University of Illinois professor loses his job after anti-Israel tweets


In this April 28, 2014 photo, Students walk past the Alma Mater statue, a landmark on the University of Illinois campus in Urbana, Ill. (AP Photo/David Mercer)

The University of Illinois at Urbana-Champaign has retracted a job offer to an outspoken critic of the conflict in Gaza, according to a letter released Wednesday and signed by the university’s chancellor.

Steven Salaita, a former Virginia Tech professor, had been offered a tenured appointment as an associate professor in the American Indian Studies department with a salary of $85,000, pending approval from the board of trustees. Such approval is essentially guaranteed, and his start date was set for Aug. 16, the Chicago Tribune reported.


But according to Inside Higher Ed, “sources familiar with the university’s decision say that concern grew over the tone of his comments on Twitter about Israel’s policies in Gaza.” As the blog pointed out, criticism of Israel is not unusual in academia. Nor is it that rare at the University of Illinois, where varying viewpoints of the Israel-Palestine divide have played out in the pages of the campus newspaper, the Daily Illini.

In an Aug. 1 letter obtained by the Champaign-Urbana News-Gazette, Chancellor Phyllis M. Wise and Christophe Pierre, the vice president for academic affairs, wrote Salaita, “Your appointment will not be recommended for submission to the Board of Trustees in September, and we believe that an affirmative Board vote approving your appointment is unlikely.”

For weeks, Salaita’s tweets have been very, very focused on criticizing Israel.  


Cornell Law School professor William Jacobson wrote that “Salaita’s Twitter feed is crudely anti-Israel and has been since long before the recent Gaza conflict.” Salaita’s Twitter bio touts his most recent book, “Israel’s Dead Soul.” Salaita is no stranger to controversy: In a 2013 Salon essay not about the Mideast, he wrote, “The first rule for any serious writer is to agitate the contentious and embrace the disreputable.”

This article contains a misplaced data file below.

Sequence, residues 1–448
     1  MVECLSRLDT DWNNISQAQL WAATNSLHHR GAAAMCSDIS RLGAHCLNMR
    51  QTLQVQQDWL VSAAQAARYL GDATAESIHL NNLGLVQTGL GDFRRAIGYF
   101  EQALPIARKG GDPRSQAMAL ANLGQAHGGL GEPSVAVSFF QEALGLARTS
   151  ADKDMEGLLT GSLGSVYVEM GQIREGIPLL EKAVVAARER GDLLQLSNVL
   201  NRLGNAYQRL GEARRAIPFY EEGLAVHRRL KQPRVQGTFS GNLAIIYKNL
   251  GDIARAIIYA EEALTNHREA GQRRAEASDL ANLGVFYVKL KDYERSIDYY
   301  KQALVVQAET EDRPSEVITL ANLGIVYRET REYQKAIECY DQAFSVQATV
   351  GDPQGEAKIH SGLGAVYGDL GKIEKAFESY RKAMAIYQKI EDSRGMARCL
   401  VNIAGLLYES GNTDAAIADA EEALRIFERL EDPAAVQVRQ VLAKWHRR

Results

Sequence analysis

Campus spokesman Robin Kaler would not comment on Salaita’s status, but told the News-Gazette: “Faculty have a wide range of scholarly and political views, and we recognize the freedom-of-speech rights of all our employees.”

The Illinois chapter of the American Association of University Professors (AAUP) posted a statement to its blog defending the professor:

Reports that the university has voided a job offer, if accurate, due to tweets on the Palestinian-Israeli conflict would be a clear violation of Professor Salaita’s academic freedom and an affront to free speech that we enjoy in this country.

Professor Salaita resigned his position at Virginia Tech and was about to assume his  new appointment at the University of Illinois. We stand by the appointment and by Professor Salaita and defend his right to engage in extramural utterances.

But Cary Nelson, a University of Illinois English professor and former president of the AAUP, told the Chicago Tribune that “it was valid for the campus to basically say … we better take another look at this guy.” He also told the Huffington Post that Salaita had “stepped over a line.”

For several days this month, Salaita’s Twitter feed was quiet — until Monday, when he tweeted, “Thank you, everybody, for your support. I have received your many messages and am deeply grateful.”

Currently, a Change.org petition calling for Salaita’s “immediate reinstatement” has collected more than 14,000 signatures.

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